Executive summary

The subject to tax rule (STTR) was developed by the members of the Inclusive Framework on BEPS (IF) as an integral part of the consensus solution on Pillar Two. Pillar Two consists of a set of rules that provide jurisdictions with a right to “tax back” where other jurisdictions have not exercised their primary taxing rights or the payment is otherwise subject to low levels of taxation. Pillar Two consists of the Global Anti-Base Erosion rules, which are designed to ensure large multinational enterprises pay a minimum level of tax on the income arising in each jurisdiction where they operate, and the STTR. The STTR is a treaty-based rule that applies to intragroup payments from source States that are subject to low nominal tax rates in the State of the payee.

The STTR was developed not to revisit the current allocation of taxing rights between source and residence States. Rather it is based on an understanding that where, under a tax treaty, a source State has ceded taxing rights on certain outbound intragroup payments, it should be able to recover some of those rights where the income in question is taxed (if at all) in the State of the payee (i.e. the residence State) at a rate below 9%. Contrived cross-border group structures devised to artificially shift profits out of source countries are a particular concern. By restoring taxing rights to the source State in these cases, the STTR is designed to help developing countries1 – notably those with lower administrative capacities – to protect their tax base.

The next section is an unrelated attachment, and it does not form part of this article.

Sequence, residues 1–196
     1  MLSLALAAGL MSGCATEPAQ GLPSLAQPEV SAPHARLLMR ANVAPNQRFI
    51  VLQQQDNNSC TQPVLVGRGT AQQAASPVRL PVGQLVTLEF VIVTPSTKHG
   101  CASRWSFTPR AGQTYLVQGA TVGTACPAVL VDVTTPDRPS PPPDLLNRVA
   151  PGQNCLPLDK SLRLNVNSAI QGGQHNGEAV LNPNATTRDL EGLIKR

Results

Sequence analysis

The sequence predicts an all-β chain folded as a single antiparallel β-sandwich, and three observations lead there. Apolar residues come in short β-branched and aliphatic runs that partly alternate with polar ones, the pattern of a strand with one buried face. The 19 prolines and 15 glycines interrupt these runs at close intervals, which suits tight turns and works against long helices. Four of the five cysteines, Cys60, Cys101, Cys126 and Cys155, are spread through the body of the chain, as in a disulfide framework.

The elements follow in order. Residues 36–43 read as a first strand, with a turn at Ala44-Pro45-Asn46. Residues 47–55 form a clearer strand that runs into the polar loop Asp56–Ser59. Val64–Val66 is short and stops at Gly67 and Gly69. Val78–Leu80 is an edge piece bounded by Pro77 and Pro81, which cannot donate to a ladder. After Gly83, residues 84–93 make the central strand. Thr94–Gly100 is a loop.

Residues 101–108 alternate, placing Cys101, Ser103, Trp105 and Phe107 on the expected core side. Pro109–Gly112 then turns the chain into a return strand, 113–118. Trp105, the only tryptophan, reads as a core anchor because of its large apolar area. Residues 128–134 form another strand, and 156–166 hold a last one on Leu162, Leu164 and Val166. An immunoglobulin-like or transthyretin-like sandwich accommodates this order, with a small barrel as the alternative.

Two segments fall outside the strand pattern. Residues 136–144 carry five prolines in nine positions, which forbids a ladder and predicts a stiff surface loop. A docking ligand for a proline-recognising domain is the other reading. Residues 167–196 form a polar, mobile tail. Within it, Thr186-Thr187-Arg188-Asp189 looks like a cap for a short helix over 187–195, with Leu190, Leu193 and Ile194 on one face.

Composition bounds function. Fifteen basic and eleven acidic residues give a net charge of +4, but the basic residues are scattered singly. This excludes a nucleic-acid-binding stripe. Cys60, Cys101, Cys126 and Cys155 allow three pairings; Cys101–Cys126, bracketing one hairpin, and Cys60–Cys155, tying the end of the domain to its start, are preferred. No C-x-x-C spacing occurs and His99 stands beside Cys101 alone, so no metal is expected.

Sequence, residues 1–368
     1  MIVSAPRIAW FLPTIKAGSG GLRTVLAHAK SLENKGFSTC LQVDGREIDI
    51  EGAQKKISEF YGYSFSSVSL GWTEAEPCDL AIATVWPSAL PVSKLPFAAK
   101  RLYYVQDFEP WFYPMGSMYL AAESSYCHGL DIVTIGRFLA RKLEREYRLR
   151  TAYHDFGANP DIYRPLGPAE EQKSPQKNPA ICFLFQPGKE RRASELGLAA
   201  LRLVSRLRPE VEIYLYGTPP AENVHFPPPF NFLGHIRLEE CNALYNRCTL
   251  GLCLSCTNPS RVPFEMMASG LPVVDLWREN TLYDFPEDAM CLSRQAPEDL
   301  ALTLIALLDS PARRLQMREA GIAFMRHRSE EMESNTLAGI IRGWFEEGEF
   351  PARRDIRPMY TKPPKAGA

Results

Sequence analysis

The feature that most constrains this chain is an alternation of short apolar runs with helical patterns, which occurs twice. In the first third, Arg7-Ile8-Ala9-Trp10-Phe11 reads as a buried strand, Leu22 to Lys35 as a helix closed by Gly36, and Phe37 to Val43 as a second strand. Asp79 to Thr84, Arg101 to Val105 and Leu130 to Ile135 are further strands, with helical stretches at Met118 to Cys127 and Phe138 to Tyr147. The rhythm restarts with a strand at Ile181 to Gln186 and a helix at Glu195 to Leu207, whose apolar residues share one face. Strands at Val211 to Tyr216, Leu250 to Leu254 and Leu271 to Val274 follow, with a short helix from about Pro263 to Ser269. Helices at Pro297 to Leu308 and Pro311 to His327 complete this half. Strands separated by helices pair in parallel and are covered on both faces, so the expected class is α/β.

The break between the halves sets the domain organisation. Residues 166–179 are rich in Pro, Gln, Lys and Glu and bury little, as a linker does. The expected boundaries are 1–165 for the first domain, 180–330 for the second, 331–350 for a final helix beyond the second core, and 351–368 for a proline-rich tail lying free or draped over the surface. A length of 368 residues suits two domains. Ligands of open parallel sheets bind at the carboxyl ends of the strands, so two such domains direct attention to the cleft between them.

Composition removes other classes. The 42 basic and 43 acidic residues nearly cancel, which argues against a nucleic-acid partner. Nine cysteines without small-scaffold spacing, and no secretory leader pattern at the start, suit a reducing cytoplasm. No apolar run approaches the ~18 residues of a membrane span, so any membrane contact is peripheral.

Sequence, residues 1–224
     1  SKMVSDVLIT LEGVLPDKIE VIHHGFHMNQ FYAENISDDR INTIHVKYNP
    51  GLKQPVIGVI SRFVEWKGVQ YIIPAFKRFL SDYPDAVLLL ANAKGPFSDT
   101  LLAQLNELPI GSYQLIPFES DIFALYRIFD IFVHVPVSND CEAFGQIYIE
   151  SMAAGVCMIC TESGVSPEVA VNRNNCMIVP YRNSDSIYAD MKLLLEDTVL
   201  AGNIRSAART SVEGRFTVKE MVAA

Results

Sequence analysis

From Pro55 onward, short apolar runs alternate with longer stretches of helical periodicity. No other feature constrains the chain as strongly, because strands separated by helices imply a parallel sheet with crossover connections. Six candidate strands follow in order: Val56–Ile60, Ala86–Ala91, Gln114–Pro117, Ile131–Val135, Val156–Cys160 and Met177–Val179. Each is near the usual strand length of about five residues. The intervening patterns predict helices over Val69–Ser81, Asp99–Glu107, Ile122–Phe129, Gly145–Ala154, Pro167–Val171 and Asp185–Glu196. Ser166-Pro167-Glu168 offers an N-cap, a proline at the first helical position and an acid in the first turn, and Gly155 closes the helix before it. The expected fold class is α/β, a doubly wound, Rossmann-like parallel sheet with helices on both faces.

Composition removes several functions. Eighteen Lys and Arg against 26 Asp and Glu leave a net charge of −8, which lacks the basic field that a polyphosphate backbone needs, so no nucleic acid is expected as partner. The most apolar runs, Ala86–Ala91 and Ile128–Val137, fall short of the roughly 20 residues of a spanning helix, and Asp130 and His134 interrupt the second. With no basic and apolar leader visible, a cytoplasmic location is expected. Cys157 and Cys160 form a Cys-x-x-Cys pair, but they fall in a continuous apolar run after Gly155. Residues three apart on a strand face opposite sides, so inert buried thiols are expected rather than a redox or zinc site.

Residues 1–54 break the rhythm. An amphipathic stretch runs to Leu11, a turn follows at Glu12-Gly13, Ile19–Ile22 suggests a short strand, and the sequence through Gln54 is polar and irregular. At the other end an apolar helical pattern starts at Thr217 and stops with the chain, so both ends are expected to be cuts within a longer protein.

The STTR applies to interest, royalties, and a defined set of other payments made between connected companies. These are set out in the provision and explained in greater detail below. The rule operates by allowing the source State to apply additional tax, meaning that the tax rate applying in the residence State is recognised in the calculation of the source State’s extra taxing right (if any). Certain entities are excluded from the scope of the rule based, for example, on their characteristics or functions.

Members of the IF that apply nominal corporate income tax rates below the STTR minimum rate to interest, royalties and a defined set of other payments have committed to implement the STTR into their bilateral treaties with members of the Inclusive Framework that are developing countries when requested to do so. A multilateral instrument will facilitate the swift and consistent implementation of the STTR in relevant bilateral treaties.

Chapter I of this report contains the STTR provision and its commentary.2 Chapter II contains provisions governing the application of elimination of double taxation provisions in respect of additional tax payable under the STTR.

← 1. For this purpose, developing countries are defined as those with GNI per capita, calculated using the World Bank Atlas method (https://datahelpdesk.worldbank.org/knowledgebase/articles/378832-what-is-the-world-bank-atlas-method), of USD 12 535 or less in 2019 to be regularly updated.

← 2. India wishes to record its reservation on the mark-up percentage which it considers too high and it finds the guardrails ineffective. However, India has no objection to the approval and subsequent publication of this document to enable jurisdictions to join the MLI on STTR/incorporating STTR in their tax treaties.


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